Lighting a bee hive Smoker

There are various ways to do this, and everyone has their favorite type of fuel for a smoker, but this is how I do it.  The man that sold me my first hive used the fuel that was handy to him, which was pine needles.  So I simply adopted what he used, because I can get them most anywhere for free.  Other people use other things, which I will eventually research for everyone.  You can even buy smoker fuel online if you need to.

I get my pine needles from under some pine trees outside of a factory in my town.  They have a row of them outside their gates, and I take several bags and fill them up, which lasts me for a couple of years.  (only gather the dry needles) There may even be someone you know that has pine needles in their yard that they want to get rid of or throw away every year!

Photo of a beekeeper lighting a bee hive smoker

Lighting a smoker

I bought the biggest stainless steel smoker that I could afford.  This gives lots of room for fuel, and you don’t have to refill it in the middle of opening a bunch of hives.  I go out into the yard, preferably on a non grassy or cement spot to light it.  I take with me a bag of pine needles, the smoker, a hive tool, an old pancake turner, a bic lighter, and a pair of scissors.

Then I take note of which way the wind is blowing so that I don’t choke myself to death when it fires off!  Make a note, the wind sometimes does not cooperate.  Most of the time it changes back and forth, and I end up getting smoked myself.  This is why I understand the importance of not oversmoking my bees.  They don’t love it either, and it can burn them if it’s too close.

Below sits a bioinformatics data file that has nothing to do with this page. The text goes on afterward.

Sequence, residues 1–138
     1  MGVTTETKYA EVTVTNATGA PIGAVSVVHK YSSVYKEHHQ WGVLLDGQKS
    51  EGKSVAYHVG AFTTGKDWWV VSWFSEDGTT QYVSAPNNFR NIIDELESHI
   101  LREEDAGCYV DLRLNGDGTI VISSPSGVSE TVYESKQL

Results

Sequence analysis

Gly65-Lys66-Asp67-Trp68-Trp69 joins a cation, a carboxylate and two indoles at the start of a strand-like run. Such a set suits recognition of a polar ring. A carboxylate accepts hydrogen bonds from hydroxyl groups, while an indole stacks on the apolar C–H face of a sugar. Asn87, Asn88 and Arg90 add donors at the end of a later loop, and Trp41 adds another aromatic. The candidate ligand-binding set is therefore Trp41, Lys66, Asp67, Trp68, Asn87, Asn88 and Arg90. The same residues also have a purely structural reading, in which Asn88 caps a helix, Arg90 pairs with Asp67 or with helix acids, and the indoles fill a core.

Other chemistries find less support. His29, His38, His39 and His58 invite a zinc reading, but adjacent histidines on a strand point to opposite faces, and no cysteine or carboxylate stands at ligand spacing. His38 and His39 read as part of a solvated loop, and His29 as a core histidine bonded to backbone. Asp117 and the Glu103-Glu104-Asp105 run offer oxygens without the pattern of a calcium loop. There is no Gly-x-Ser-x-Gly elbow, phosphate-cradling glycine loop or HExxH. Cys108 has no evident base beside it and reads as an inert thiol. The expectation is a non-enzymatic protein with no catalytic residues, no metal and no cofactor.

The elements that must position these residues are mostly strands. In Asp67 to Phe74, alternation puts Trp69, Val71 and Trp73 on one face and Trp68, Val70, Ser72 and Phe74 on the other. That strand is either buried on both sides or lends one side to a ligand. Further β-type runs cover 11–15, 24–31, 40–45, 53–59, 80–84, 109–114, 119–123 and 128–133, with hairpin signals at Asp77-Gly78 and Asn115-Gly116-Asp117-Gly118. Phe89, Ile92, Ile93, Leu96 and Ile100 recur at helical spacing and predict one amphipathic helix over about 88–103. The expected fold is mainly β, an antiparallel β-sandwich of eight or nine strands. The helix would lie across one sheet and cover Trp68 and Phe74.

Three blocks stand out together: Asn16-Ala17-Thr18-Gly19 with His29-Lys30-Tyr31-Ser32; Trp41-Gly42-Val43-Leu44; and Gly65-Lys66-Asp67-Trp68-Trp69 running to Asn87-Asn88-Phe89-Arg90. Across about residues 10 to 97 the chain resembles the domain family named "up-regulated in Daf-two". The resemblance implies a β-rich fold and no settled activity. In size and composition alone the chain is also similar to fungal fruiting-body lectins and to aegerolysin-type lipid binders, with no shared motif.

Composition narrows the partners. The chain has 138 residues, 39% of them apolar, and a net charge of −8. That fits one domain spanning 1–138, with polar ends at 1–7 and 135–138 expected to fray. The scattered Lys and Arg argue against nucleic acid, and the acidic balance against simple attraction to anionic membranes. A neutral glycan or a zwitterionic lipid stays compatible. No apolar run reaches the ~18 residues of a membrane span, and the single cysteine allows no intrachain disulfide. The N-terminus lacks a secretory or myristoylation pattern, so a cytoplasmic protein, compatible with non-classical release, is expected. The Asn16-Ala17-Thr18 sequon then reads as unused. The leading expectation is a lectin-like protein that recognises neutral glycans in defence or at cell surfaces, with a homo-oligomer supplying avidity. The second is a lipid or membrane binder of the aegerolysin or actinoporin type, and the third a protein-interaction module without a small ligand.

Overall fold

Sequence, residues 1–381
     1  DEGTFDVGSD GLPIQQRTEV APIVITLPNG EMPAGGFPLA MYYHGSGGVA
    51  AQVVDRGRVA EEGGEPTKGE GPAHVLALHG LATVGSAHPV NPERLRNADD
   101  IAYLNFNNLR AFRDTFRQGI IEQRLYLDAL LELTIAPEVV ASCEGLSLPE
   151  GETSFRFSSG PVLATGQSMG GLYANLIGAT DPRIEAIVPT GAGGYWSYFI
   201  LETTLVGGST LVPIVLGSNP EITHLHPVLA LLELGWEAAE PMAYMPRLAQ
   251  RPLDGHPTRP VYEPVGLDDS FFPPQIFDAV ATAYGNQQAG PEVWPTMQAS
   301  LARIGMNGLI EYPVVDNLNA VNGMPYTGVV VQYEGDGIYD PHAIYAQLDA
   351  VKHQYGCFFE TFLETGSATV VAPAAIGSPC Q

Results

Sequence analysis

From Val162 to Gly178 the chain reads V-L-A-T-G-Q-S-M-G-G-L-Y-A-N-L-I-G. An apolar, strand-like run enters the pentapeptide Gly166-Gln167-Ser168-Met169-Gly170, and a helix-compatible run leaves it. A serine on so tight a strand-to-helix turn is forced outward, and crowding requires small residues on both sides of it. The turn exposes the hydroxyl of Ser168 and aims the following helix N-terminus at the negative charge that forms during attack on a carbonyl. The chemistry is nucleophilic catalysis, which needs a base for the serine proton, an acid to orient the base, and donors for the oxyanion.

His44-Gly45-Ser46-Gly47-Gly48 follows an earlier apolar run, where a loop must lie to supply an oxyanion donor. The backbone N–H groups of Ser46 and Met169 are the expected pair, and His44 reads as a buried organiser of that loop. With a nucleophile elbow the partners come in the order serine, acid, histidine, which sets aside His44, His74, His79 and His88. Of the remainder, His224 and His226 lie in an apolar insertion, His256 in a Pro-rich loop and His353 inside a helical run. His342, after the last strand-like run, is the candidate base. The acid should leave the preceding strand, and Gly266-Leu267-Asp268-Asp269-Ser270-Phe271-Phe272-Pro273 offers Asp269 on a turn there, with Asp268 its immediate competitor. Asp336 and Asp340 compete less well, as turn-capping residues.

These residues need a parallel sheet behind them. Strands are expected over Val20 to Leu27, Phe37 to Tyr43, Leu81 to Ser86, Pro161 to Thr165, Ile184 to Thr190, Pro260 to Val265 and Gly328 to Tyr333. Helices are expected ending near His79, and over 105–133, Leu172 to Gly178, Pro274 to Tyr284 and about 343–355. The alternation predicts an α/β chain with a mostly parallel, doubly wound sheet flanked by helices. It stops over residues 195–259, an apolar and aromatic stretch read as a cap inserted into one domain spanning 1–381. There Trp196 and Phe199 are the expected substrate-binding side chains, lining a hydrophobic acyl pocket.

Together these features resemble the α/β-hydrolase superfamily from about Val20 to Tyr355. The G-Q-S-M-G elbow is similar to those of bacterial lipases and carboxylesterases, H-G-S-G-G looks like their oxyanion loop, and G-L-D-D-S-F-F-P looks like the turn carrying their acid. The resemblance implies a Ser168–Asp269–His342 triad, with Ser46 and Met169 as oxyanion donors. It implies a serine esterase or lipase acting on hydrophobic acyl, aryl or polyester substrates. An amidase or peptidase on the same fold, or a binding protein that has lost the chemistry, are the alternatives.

I open the top of the smoker, make sure it’s empty.  Then I take a handful of pine needles, and twist them up like a rope, fold in half, then twist again, leaving some ends to stick out for the first lighting. Note:  it’s important to get the first handful of needles lit pretty good before shoving them down into the bottom of the smoker.  If not, and it goes out, you’ll have to drag everything out and start over again.  About half flames is about right.

Now I take the partly lit pine needles and shove them down into the bottom of the smoker with your hive tool, quickly puffing the smoker to get them to flame up.  It’s okay if flames come out of the top of the smoker, just don’t put your face over the whole thing while you’re doing it. (grin)

Once you have this smoking pretty good, repeat the process as many times as it takes to fill it to the top, but remembering to use your hive tool or pancake turner to pack it in, and puff, puff, puff all the while you’re doing it.

You can pack pretty tight, and the better you puff and pack it, the longer it will stay lit while you are working the hives.  Just remember if you aren’t using it a lot while working, to puff some air occasionally.

The last thing you do before closing the top is use your scissors to cut all the stray “stick-outs”, the edges of the pine needles that inhibit you from closing the lid.  Once the edges of the pine needles are not sticking out, you can shut the lid and go work your hive!

NOTE:  It’s impossible not to get some smoke in your face while doing this, unless you use a fan, which I had not though of until just this moment.  Hey, PROBLEM SOLVED!

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Published in: on 2013/10/17 at 3:23 PM  Leave a Comment  
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